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Decret Airbnb alert

Airbnb is the generic term for short term apartment rentals

According to articles published today (5/11/2017) Registration of rental apartments will be necessary from October of this year.

http://www.20minutes.fr/paris/2065539-20170510-louer-appartement-airbnb-faudra-enregistrer-p

There is also an article in Le Parisien however I can't get the link to work A google of "les propriétaires loueurs devront s’enregistrer dès octobre à Paris" will bring up lots of articles.

Posted by
2241 posts

"75020",

"Airbnb is the generic term for short term apartment rentals"

Respectfully, I disagree as this paints with a very broad brush, is not fair to AirBnB, is simply inaccurate, and should not be encouraged. VRBO, Home Away, and dozens if not hundreds of other agencies rent Paris apartments, legal and not legal.

"According to articles published today (5/11/2017) Registration of rental apartments will be necessary from October of this year."

We have heard this before. It was supposed to have been last September, I think, and that did not happen-although it worked out well for Macron, who apparently was some kind of force behind the effort I have wondered if France's rigorous privacy laws are the nut of the issue and delay. It would be good if they FINALLY got their act together on this so people can enjoy legal rentals without worry-and harassment. Take a look at Barcelona, they have an App where one can plug in an address and get an answer immediately as to a vacation rental's legality:

http://meet.barcelona.cat/habitatgesturistics/en/

Posted by
775 posts

Dave, A reminder, I was acting as the messenger.

Agree that generic term Airbnb is not fair . . .but Paris has chosen to refer to the law in a form of shorthand as Decret Airbnb. I think what Barcelona is doing is serving as an example for Paris. Or, at least, I hope so.

If you have followed this story in all its protracted length, (much before Macron entered the picture) the process has been seemingly endless and, as you point out, has left many subjected to needless worry. The nut of the issue is the French Legal Process itself.

My immediate experience:
In the building where I live it took 20 years to settle an owner's estate. Meanwhile we other owners were responsible for paying the apt. charges which were, after 20 years, well above what the state allowed us to collect from the estate settlement . . . . French law.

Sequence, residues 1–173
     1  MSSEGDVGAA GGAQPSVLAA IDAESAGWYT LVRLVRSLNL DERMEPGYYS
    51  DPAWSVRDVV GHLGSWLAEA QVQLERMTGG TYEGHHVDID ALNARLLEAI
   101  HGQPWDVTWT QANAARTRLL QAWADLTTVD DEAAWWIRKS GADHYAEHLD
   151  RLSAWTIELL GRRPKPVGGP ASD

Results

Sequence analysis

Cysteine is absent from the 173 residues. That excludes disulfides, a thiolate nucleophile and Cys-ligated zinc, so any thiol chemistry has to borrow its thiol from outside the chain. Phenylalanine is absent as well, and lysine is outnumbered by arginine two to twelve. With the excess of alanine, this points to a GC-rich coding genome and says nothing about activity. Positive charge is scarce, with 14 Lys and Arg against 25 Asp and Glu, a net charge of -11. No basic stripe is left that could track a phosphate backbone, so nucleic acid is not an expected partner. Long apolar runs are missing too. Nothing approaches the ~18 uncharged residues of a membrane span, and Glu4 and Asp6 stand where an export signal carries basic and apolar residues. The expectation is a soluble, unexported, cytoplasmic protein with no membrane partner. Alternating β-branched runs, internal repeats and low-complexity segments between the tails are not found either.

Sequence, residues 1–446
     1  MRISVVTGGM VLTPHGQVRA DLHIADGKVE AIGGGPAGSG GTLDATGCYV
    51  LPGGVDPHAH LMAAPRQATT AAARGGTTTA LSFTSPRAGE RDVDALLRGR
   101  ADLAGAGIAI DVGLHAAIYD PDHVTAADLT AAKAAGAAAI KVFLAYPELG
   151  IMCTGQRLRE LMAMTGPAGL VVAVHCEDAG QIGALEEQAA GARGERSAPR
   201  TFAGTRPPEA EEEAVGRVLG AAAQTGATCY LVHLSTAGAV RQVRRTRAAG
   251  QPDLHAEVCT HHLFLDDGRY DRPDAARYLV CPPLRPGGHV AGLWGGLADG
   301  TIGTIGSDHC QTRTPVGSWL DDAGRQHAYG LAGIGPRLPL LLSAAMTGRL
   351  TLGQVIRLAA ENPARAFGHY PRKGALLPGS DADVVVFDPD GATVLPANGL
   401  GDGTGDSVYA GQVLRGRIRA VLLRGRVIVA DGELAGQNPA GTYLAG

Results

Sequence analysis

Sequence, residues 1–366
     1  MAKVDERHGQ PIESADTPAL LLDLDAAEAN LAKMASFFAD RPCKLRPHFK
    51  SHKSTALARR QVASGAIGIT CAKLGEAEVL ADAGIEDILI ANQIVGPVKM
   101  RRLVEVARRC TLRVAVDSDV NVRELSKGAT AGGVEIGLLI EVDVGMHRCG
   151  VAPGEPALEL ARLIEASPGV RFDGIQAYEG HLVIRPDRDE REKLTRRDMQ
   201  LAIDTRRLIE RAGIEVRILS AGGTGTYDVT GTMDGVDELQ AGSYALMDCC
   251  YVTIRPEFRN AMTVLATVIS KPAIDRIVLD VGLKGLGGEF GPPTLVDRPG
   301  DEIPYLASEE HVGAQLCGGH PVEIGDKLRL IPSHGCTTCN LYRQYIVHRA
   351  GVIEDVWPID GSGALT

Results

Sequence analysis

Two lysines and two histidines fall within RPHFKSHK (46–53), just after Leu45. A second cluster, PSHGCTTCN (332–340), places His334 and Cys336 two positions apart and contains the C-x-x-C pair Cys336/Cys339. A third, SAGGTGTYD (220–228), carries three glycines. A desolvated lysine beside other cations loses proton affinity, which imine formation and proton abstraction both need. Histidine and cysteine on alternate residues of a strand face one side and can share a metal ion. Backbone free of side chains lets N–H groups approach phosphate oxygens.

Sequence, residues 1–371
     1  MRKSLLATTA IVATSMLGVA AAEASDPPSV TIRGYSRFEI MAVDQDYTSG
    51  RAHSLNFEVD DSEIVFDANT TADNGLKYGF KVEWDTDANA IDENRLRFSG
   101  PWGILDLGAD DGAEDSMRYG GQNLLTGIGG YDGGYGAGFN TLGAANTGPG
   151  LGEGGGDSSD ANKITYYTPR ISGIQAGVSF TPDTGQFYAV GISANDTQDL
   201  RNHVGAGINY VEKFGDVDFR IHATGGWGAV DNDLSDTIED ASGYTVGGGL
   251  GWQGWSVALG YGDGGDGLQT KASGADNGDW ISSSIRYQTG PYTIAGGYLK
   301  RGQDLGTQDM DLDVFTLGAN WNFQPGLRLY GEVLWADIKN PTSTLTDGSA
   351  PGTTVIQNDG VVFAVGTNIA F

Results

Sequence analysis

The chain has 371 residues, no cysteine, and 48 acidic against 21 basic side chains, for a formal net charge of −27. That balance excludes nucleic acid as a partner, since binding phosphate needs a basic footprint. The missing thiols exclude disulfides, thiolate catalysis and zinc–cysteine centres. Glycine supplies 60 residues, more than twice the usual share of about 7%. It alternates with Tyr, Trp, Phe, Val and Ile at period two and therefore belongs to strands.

Posted by
1619 posts

We rented a wonderful room via the Airbnb site last fall. The apartment was registered and very legal.

Posted by
11028 posts

It would be good if they FINALLY got their act together on this so
people can enjoy legal rentals without worry-and harassment

That assumes that is what the French want. Maybe they don't? Maybe they will want to restrict short term rentals in an effort to keep housing costs down?

Posted by
2241 posts

James, I'm not sure that will be such an issue when the law is actually working. Citizen access is in part what the law is about. It is fairly involved, and very expensive, to satisfy requirements for legal rental.

Posted by
2466 posts

The average short-term rental unit measures 37 square meters and costs an average of 1300 € per week.

This is far in excess of the City's rent control ceilings.

A long-term residential unit of the same size would rent for 900 € per month.

Difficult to say how this "affects the housing shortage in Paris."

The facts are that corporations own multiple units in one or more buildings, nobody actually resides in them full-time, and this is the reason that the person who sells a tourist his morning croissant has to take an hour to get home to the suburbs instead of living in the neighbourhood where he works.

Posted by
1412 posts

The fact is money talks, you will never stop this though it's cute you are trying. From AirBNB to rich foreigners laundering their money in real estate, every single desirable urban core or neighborhood around the world is going through this process. I went hiking today on Oahu. The trail starts in the most exclusive gated community in the island, I haven't been there in 15 years. Every single person I saw was foreign Chinese. Entire apartment buildings downtown are being marketed to and sold only to Chinese, where at night out of say 100 apartments maybe two or three have lights on. So good luck with your rules, your greedy countrymen are the ones selling you out.